It's also important to point out that in Florida, with our lovely humidity, your sweat does not evaporate to cool you off (which is its intended purpose).
I've read a lot of things about why we sweat the way we do and what makes some people sweat more than others. There's a lot of conflicting information out there. Some says it has to do with heart rate plus body mass, and those with higher body mass are going to reach a higher heart rate faster and therefore sweat more. Others say it's not body mass but body fat and it's ability to insulate us. Fat people sweat more than skinny people, right? I think I prove that theory wrong, or I'm an anomaly, which I've been told before.
My body fat percentage is around 20%, and while I would like it to be a little lower, I doubt anyone would consider me fat, yet I sweat sooner and more heavily than those with higher body fat. Then you have my husband, whose BMI is a little higher than mine, yet he hardly ever breaks a sweat. He can work outside all day, go for a 20 mile bike ride with me, and while I'm literally dripping sweat, he merely has a glisten. Now, he will have a sweat odor, just not much visible sweat production.
So what is it? Hormones could definitely be a factor, but I sweat more than other women as well. I do have a higher than average resting heart rate and my heart gets up really quickly and easily when I run, so I guess that could be part of it. Then again, I can stay in a low heart rate zone while riding my bike and still be sweating profusely. Inside the house, with the air conditioning running and a fan on me.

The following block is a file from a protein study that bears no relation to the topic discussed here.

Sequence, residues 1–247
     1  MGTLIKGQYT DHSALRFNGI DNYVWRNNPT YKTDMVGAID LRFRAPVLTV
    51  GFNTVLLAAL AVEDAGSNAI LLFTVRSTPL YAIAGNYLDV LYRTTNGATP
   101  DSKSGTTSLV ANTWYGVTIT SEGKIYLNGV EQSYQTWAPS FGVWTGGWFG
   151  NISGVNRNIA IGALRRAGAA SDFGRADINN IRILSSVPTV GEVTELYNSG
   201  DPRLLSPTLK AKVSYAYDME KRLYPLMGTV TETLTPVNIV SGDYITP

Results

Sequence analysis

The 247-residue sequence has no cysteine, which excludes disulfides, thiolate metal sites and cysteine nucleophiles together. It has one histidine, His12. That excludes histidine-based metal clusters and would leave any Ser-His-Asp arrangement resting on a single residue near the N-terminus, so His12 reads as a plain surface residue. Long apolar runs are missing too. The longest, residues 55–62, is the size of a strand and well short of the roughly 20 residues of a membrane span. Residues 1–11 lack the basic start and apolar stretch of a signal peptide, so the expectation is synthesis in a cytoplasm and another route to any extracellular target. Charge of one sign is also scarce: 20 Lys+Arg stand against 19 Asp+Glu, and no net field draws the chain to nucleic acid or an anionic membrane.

Another factor could be nerves, I sweat when I'm nervous too. That's a different sweat though, it's more in my arm pits than anywhere else. Then there's spicy food sweat too, which is more similar to exercise sweat. The sweat when I exercise (or walk outside in the heat) is first noticeable on my face. Maybe I should randomly take my temperature and see if it's getting really high when I'm doing those things. My "normal" temperature is relatively low though, and I hardly ever run a fever, even when I'm sick. Maybe that's part of it? My body's cooling system is working differently because my temperature doesn't get up?
This post is a bunch of questions with no answers. I think I will start randomly checking my temperature though, it would be an interesting experiment.
What does being a heavy sweater mean for a runner though? This I do have answers to. It means drinking a lot and taking in more electrolytes. I try to drink half my weight in ounces of water every day, whether I'm active or not, if I go for a run or ride, I drink extra. I'm a pretty salty sweater as well, and this poses another problem while doing Whole30 since all easily available electrolyte sources contain sweeteners. Maybe I'll just start carrying around a shaker of table salt.
I once mentioned to someone that in the summer I always bring water with me, even on a 3 mile run. They kind of scoffed at this and said they don't drink anything for runs shorter than 8 miles. Well, who's smarter? The person with water who might not need it, or the person who ends up severely dehydrated 5 miles from home?
At least you don't have to be embarrassed by heavy sweating when you're running or biking, right? It really depends. Now sure, in the middle of summer, everyone is soaked by the end of a run (except my husband, of course), but when it's nicer weather, others may barely break a sweat, but I'm still soaked and dripping. So, I wipe it on my shirt and hope no one notices.
Maybe I should just switch to swimming.
Do you sweat a lot?
Why do you think some people sweat more than others?